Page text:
Hula, on the other hand, is performed by men and women, and has continued to evolve since its arrival. Today kumu hula travel all the way to Japan and Europe to teach classes. Yet on display was a pahu—a large drum from the breadfruit tree only used for the hula kahiko, a chant-led dance typically performed for special events. This proved that some elements of this sacred dance were reserved for island practitioners. If an instrument considered the main artery of the dance, and one I had never laid eyes on in my classes back home, was any indication, there had to be other elements of hula that could only be experienced here on the islands.

Merry Monarch dancer

Hula for the Masses

Later that afternoon, on the grounds of the Waikiki Aquarium, professional hula performer Taina Malu from Diamond Head Luau explained that when the missionaries arrived in 1820, they considered hula dirty (all those women without tops), and abolished the dance. With no written language, dancers memorized chants and dances, not just as legends, but to attribute each person to their genealogy. Ultimately dancers gathered in private to memorize chants and remember not only their stories and legends, but also their ancestors.

Taina pointed to the performers now setting up palm fronds for luau visitors to twist into leis and added that though King Kalakaua brought hula back in 1880, calling it the “heartbeat of Hawaii,” once Hollywood embraced hula in the 1950s, everything changed. Plus since pure Hawaiian lineage had been delineated through travel, colonialism and economic hardship, when families began moving throughout the islands (and beyond), hula opened to interpretation.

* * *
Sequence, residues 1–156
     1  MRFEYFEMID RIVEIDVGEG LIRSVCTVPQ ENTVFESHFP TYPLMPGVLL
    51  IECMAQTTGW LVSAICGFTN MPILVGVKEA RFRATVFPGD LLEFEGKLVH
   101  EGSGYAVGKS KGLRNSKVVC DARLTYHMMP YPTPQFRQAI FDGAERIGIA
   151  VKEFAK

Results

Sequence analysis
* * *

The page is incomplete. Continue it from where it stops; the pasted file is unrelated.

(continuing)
No longer was hula a collection of methodical stories passed down from generations. As I saw that night, the crowds cheered the bikini-topped dancers as they shook to rapid musical changes and upbeat choreography and yawned over the more traditional hula. What Malu had said about modern audiences expecting more of hula made sense. No longer were they interested in a slow story that unwinds its meaning. The luau-style hula represented a faster, more vigorous style of dance shared by Pacific Islanders and not the traditional gentle storytelling meant to be shared with love.

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Read this article online at: Hula is Life: The Legacy of Hawaii

Copyright (C) Perceptive Travel 2017. All rights reserved.

Also in this issue:

Books from the Author:

Backroads and Byways of Hawaii

Buy Backroads and Byways of Hawaii at your local bookstore, or get it online here:
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Explorer's Guide Northern California

Buy Explorer's Guide Northern California at your local bookstore, or get it online here:
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Backroads & Byways of Northern California: Drives, Day Trips and Weekend Excursions

Buy Backroads & Byways of Northern California: Drives, Day Trips and Weekend Excursions at your local bookstore, or get it online here: